Continuing the ideas from the previous episode, students will see the way that Lake Mungo was used by the traditional owners to provide food. The episode also looks at some fauna that has since become extinct.
Ancient fauna (1:59)
Warning – Aboriginal and Torres Strait Islander viewers are warned that the following video may contain images and voices of deceased persons.
[Screen reads: Question? How has Lake Mungo environment changed over time?]
Melissa – Melissa Ellis, Geography teacher, Southern Cross School of Distance Education] Lake Mungo didn't always look as it does today. The lake and the surrounding environment have gone through many changes over time. 40,000 years ago, Lake Mungo contained fresh water, and the area was full of wildlife. The variety of wildlife provided an excellent food supply for the people who lived on its shores.
So what was the environment like at the time of the Lady Mungo and Mungo Man?
Harvey – [Harvey Johnston, Archaeologist, NSW Office of Environment and Heritage] The lake was full of water. There was a lake filled with fish, and we know that because the fish remains around the edge of the lake. There were shellfish in the water, there was yabbies in the water, there was water birds around the edge of the lake.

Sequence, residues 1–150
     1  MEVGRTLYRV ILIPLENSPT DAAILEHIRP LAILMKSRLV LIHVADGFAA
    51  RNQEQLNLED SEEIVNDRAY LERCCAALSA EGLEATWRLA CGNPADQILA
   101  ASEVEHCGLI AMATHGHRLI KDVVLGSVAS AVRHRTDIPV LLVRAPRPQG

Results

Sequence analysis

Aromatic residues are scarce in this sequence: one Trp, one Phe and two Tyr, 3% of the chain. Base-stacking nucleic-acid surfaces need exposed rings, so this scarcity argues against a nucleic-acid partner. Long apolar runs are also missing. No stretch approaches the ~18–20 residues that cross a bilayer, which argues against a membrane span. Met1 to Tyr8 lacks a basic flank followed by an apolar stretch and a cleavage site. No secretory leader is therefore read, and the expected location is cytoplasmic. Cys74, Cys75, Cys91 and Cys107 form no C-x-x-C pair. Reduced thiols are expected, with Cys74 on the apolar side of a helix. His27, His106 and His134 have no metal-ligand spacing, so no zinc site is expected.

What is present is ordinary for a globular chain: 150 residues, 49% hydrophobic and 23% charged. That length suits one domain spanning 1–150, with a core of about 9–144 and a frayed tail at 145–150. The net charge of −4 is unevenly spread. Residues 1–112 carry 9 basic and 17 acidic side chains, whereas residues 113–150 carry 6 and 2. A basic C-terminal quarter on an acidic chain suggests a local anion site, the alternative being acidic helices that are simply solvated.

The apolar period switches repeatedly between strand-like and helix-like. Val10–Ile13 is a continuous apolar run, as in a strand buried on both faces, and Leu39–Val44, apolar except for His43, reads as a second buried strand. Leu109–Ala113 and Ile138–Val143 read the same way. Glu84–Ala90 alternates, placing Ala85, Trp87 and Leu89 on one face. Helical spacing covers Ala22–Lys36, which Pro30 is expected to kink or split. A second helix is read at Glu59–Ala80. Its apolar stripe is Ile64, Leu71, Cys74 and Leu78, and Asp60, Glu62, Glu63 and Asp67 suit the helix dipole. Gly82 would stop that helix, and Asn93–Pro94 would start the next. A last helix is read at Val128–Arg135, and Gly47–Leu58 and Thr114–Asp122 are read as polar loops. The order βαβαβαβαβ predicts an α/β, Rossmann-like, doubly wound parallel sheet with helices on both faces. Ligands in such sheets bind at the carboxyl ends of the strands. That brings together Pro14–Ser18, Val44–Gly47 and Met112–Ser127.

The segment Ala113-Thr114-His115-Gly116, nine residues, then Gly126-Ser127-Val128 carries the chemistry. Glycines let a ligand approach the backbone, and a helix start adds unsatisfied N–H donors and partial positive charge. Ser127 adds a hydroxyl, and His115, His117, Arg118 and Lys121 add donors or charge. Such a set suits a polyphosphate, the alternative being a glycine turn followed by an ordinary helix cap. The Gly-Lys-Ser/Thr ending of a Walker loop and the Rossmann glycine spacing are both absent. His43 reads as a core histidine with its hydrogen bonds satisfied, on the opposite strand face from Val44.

We know all this from the archaeological traces. so, there was a variety of animals there. The lake at the time of Lady Mungo and Mungo Man was 42,000 years ago, so, it was a full lake, but also a lake that was slowly, also, it had been filled for many thousands of years and was getting towards a drying phase.
[Screen reads: Fact. Biodiversity means the variety of plants and animals in a particular area]
Ivan – [Ivan Johnston, Discovery Ranger, Mungo National Park] At that period of time, we would have had a lot of fresh water animals, especially food. It would've had cod, perch, fresh water mussels, giant kangaroos, giant emus, giant wombats, dingoes, and also Tasmanian tigers.
Melissa – Diprotodons were large marsupials who lived around the Lake Mungo area. They look like giant wombats. It is theorized that Aboriginal people may have hunted these and other mega fauna for food. Diprotodons became extinct about 25,000 years ago.
List of sources and acknowledgements
Image: Magalania lizard chasing glenyornis. Retrieved from www.abc.net.au/news
Image: Recreation of mega fauna. Provided by ©Australian Postal Corporation 2008. Designer: Peter Trusler.
Video: 45,000 years at Lake Mungo. Provided by National Parks and Wildlife www.visitmungo.com.au
Image: Willandra Lakes 45000 years ago. Image retrieved from www.donsmaps.com
Image: Recreation of Lake Mungo. Provided by Giovanni Caselli
Image: Diprotodon. Provided by Giovanni Caselli. Source of human figures by Giovanni Caselli
Video: Building the Lake Mungo lunette. Provided by National Parks and Wildlife. www.visitmungo.com.au
Narration. Voice over by Melissa Ellis, Southern Cross School of Distance Education.
NSW Government Public Schools, Learning Systems, DART connections, Southern Cross School of Education. Virtual Excursions 2017.
[End of transcript]